Preparing for a journey that takes nine-months can put those resolutions on the backburner that you need to take on your delivery day. However, you are required to take several medical decisions in the very first few hours of your baby's birth that can have a life-long impact on your child's health.
• Delayed cord clamping: It is defined as a birth practise where the umbilical cord is not clamped or cut until after the placenta is delivered. Given the benefits such as improved transitional circulation and decreased need for blood transfusion to most new-borns, the American College of Obstetricians and Gynaecologists now recommends a delay in umbilical cord clamping in vigorous term and preterm infants for at least 30–60 seconds after birth.
• Breastfeeding: It is vital to know the process beforehand – what to expect and where to get help when you need it. Dr. Nitika Sobti, Delhi-based gynaecologist and senior consultant suggests asking as many questions as you want regarding the process without hesitation, to avoid any difficulty during breastfeeding.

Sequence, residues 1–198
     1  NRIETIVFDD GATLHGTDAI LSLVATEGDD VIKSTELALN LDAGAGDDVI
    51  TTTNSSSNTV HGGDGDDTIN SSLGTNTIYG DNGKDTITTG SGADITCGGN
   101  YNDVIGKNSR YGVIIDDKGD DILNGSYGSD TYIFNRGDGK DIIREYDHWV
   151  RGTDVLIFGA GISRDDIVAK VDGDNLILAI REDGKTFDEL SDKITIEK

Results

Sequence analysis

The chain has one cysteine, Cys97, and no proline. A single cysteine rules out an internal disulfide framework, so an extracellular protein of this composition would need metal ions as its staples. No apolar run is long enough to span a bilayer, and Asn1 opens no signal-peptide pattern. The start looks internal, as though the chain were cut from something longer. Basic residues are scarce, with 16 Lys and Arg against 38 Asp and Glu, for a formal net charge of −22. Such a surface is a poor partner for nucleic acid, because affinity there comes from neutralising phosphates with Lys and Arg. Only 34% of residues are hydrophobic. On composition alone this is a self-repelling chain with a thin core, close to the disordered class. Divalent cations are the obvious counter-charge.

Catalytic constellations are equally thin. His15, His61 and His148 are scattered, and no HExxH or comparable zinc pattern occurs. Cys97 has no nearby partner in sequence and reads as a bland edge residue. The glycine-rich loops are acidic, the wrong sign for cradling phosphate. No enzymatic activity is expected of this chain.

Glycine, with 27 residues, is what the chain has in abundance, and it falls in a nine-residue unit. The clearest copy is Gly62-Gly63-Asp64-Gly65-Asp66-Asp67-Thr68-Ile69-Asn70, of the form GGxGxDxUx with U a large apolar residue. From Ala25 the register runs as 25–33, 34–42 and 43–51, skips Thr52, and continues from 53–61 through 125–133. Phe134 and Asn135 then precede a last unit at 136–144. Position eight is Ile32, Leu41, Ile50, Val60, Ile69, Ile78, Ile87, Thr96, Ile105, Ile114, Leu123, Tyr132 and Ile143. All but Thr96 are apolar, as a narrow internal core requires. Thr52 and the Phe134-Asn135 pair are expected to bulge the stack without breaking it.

• Cord blood banking: In this practice, the blood left in your new-born's umbilical cord and placenta (which potentially contains life-saving stem cells), is collected for future medical use. This decision must be made ahead of time (typically at 35 weeks) because the process requires a kit that the companies send to you that you then bring to the hospital to collect cord blood and the tissue. Further, you have to research your options if you want to donate the blood to a public bank for anyone who needs it or pay to store it in a private bank for your family's use.
• Others: Skin-to-skin new-born care, consulting a paediatrician in the very first week the baby is born, antibiotic eye ointment (usually erythromycin), Vitamin K injection and charting a well-planned vaccination schedule are some other pointers that you need to educate yourself before you welcome the new life that you have created and nurtured.